Bank Super PAC Pushes Candidate Who Sought to Tax Credit Unions

The endorsement of Iowa lawmaker Randy Feenstra by a banking super PAC has raised some concern within the credit union industry. Learn why.

David Baumann


Nov 1



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David Baumann

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David Baumann

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Endorsement of freshman Iowa lawmaker Randy Feenstra raises some concern within credit union industry.

As the midterm election approaches, why would a banks-sponsored super Political Action Committee single out a little-known freshman House member from Iowa for its support?

Specifically, why has Friends of Traditional Banking urged bankers to contribute to the campaign of Rep. Randy Feenstra, R-Iowa, in lieu of much more high-profile pro-banker candidates?

Feenstra is the lone House member of the three candidates endorsed by the super PAC this year.

The answer to this mystery lies in the Hawkeye State, where Feenstra was chairman of the Senate Ways and Means Committee. In that position, back in 2018, the congressman pushed legislation that would have made credit unions subject to state taxation.

And now, if reelected, Feenstra has said he wants a seat on the tax-writing House Ways and Means Committee.

Why Credit Unions Are Concerned

Sources in the credit union industry said that combination of factors has them concerned.

In 2018, as chairman of the Senate Committee, Feenstra helped write a Senate tax bill that included the credit union tax. The House bill did not. As one might expect, the fight was high-pitched, with charges and counter charges being fired.

The Cedar Rapids Gazette quoted Feenstra as saying that the largest institutions in the state should pay taxes. And he had strong opinions about arguments being made by the credit union industry.

“It’s not going to increase anybody’s mortgage. It’s not going to increase anybody’s loan. That’s just being very disingenuous from the credit unions on what they’re trying to sell the public,” he was quoted as having said. “Frankly, I think they should be ashamed of what they’re saying because this is such a trivial amount of dollars to them.”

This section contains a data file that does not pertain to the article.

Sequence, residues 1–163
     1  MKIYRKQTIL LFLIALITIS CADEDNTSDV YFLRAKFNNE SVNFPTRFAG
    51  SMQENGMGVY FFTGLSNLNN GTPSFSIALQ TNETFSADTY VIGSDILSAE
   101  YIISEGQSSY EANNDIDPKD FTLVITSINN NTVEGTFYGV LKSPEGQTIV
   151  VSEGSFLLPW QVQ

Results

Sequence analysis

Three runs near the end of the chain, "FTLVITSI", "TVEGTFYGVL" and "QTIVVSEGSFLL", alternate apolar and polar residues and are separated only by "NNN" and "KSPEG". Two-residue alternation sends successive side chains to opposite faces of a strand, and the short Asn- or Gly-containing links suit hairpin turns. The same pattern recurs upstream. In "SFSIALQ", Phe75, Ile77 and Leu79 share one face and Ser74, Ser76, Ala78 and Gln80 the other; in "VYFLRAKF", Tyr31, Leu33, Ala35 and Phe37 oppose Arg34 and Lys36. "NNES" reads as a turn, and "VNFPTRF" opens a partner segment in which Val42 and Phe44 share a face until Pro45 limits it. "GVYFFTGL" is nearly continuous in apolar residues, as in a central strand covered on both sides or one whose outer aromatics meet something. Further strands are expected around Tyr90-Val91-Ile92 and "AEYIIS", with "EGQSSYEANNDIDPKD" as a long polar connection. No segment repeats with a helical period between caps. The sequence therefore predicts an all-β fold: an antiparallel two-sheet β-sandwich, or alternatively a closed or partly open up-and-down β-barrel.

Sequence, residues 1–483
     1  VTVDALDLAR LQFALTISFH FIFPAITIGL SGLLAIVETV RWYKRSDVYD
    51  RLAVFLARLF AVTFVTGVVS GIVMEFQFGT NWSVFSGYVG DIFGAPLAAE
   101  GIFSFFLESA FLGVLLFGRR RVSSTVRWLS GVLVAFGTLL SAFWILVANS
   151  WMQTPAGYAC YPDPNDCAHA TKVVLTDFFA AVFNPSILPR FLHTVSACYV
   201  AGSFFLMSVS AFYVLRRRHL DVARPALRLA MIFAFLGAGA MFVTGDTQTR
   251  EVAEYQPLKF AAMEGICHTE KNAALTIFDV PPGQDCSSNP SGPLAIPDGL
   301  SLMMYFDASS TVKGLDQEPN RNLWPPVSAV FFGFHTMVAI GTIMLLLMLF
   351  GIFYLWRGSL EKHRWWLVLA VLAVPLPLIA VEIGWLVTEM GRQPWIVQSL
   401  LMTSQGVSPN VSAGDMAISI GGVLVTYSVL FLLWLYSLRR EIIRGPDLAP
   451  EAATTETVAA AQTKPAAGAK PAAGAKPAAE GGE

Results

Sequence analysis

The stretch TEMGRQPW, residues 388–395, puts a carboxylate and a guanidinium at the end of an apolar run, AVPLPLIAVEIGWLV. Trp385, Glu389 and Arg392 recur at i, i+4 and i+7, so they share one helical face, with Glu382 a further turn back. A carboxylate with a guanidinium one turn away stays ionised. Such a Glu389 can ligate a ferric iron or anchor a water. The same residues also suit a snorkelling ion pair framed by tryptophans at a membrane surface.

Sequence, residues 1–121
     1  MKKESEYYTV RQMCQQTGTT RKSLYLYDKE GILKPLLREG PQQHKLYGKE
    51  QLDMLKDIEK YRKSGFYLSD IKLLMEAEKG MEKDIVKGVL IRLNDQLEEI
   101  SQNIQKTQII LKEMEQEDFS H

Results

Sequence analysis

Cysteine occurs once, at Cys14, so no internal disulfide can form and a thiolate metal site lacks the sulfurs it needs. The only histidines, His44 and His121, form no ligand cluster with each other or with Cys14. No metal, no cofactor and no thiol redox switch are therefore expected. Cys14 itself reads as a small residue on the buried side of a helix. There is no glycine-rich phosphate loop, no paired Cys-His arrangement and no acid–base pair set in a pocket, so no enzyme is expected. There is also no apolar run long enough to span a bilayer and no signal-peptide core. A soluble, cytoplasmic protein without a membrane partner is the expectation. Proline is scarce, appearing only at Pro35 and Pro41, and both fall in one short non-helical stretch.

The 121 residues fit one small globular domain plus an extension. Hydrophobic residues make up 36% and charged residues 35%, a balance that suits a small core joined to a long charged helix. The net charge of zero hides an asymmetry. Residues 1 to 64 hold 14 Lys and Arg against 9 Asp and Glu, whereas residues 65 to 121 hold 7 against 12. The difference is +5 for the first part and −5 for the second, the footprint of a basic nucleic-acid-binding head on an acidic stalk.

A compromise tax bill eventually was hammered out, with that measure ultimately leaving the credit union tax exemption intact.

Background on Feenstra

Feenstra was elected to the U.S. House in 2020, having defeated incumbent Republican conservative firebrand Rep. Steve King in the Republican primary and Democrat J.D. Scholten in the general election. He was appointed to the Agriculture, Budget, and Science and Technology committees.

In April, Feenstra spoke at the insurance industry’s Big “I” Legislative Conference, where he made his desire for a seat on the House Ways and Means Committee clear.

“I was chair of Ways and Means in the Iowa Senate,” he said, according to the Independent Agent news website, before mentioning some of the major issues considered by the committee.

“It’s so important that we look at those things,” he added. “And then you go downstream, whether it be trade—a lot of trade issues policies happen in Ways and Means—and then also health, most health policy happens in Ways and Means.”

This year, Feenstra’s opponent is Democrat Ryan Melton, who is being given little chance of winning in Iowa’s decidedly Republican 4th congressional district.

Support From Super PAC

Still, Friends of Traditional Banking isn’t taking any chances. “Representative Feenstra has been an outspoken supporter of taxing the largest, bank-like credit unions and now they are coming after him,” the group says on its website. “We simply MUST send a loud message of support ASAP!”

“Feenstra is being bashed by credit unions who remember what he did to them at the state level and are petrified of what he may do if he stays in Congress,” the super PAC states. “By supporting Feenstra, FOTB leadership wants to send a loud and clear message that if you have our back in Congress, we’ll have yours.”

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